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London Falling (Shadow Police series Book 1)
London Falling (Shadow Police series Book 1)
Price: £4.19

14 of 15 people found the following review helpful
5.0 out of 5 stars What Urban Fantasy should be, 10 Mar. 2013
London Falling begins as a big drug bust is about to take place. It's an operation that's been years in the planning and involves two undercover officers. The bust is happening now more because they're running out of money than because the timing's just right, nevertheless they manage to arrest a local gang boss and several of his "soldiers". Unfortunately this coup is short-lived as he's killed whilst in police custody. In fact whilst he's being interviewed and in full view of CCTV. Nevertheless it's not clear who, what or how the murder took place.

Shortly after this a small unit is formed to investigate this. It turns out to have been a supernatural killing and after visiting a related crime scene the team acquire `The Sight' which is the ability to see... well what exactly it is they can see is explored in the rest of the novel, but for now I'll just say that it adds an extra dimension to things.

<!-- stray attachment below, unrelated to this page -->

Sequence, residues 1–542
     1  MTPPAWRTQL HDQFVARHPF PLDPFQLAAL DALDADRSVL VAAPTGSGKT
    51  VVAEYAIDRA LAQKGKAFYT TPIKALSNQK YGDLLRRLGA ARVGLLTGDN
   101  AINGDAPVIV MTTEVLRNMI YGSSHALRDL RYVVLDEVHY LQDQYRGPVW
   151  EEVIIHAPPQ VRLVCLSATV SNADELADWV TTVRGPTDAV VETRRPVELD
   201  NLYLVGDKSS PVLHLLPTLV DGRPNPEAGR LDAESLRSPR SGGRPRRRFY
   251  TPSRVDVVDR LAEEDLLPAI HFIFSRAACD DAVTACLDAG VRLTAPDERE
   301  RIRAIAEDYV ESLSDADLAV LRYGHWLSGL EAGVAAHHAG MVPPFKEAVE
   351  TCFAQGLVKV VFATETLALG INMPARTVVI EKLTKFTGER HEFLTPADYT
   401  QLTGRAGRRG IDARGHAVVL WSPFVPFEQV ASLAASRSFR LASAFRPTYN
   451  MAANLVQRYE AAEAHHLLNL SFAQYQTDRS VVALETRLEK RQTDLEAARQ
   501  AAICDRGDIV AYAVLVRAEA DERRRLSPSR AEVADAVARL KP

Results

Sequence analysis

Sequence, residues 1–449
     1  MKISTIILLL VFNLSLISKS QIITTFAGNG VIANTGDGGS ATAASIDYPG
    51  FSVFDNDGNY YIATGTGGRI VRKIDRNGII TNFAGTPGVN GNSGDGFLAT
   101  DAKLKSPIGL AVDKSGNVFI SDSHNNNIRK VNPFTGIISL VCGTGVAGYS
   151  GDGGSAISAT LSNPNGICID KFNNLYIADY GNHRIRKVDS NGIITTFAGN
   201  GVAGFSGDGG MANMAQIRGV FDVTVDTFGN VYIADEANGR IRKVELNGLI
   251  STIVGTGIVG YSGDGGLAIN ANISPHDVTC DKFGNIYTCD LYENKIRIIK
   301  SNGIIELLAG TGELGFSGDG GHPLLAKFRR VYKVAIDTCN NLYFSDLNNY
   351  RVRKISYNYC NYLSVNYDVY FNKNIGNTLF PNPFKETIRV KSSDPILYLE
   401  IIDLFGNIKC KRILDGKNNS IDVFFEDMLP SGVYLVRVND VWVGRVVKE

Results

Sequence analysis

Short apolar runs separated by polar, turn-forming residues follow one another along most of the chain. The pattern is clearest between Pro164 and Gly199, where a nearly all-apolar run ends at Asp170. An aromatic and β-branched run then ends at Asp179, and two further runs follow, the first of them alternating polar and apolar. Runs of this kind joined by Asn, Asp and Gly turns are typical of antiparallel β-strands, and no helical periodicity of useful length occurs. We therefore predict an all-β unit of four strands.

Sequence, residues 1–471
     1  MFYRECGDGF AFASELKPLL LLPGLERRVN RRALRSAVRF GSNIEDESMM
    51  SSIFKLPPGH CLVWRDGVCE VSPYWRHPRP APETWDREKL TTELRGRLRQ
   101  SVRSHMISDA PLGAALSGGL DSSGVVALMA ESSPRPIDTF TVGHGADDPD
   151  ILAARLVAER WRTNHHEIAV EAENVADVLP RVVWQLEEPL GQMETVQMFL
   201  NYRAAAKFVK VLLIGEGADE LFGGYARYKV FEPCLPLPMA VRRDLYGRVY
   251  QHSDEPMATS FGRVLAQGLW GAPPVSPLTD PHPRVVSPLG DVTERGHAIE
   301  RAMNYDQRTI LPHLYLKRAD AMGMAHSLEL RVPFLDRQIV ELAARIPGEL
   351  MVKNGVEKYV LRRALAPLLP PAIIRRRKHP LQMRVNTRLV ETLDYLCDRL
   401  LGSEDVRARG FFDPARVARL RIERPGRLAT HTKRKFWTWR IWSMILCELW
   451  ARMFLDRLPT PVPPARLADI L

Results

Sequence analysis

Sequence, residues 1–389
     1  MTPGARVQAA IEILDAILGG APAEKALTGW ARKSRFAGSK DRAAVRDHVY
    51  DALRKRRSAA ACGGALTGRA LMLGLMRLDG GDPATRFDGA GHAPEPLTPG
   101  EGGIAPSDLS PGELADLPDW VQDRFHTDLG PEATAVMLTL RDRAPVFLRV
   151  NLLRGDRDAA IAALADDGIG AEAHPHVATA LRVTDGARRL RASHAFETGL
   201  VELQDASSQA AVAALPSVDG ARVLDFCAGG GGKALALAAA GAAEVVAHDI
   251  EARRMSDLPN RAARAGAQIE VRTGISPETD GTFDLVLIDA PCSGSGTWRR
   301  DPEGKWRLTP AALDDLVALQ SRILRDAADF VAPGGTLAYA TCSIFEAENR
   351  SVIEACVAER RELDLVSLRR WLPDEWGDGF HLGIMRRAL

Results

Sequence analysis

I loved this book. However I do have to say that it took me a while to get into it. The first two or three chapters have almost no supernatural element at all and I suppose since that's why I had picked up the book I was waiting for that to appear. Once it did however we were off to the races. In the past I've scored books highly because they had a page-turning quality but they haven't always stayed with me once I've finished them. London Falling was not like that. It was page-turning because I really wanted to know what happened but when I found out what happened I was usually more intrigued and more concerned about the characters.

Cornell has said that one of the things he wanted to do was show how real Police officers would handle the supernatural, and what it would be like if they applied the same set of techniques to these other-worldly experiences as they do to every day investigations. I think that's where the book sets itself apart. It's also why I think the first section of the book is what it is - we need to establish what `ordinary' policing is like to some extent.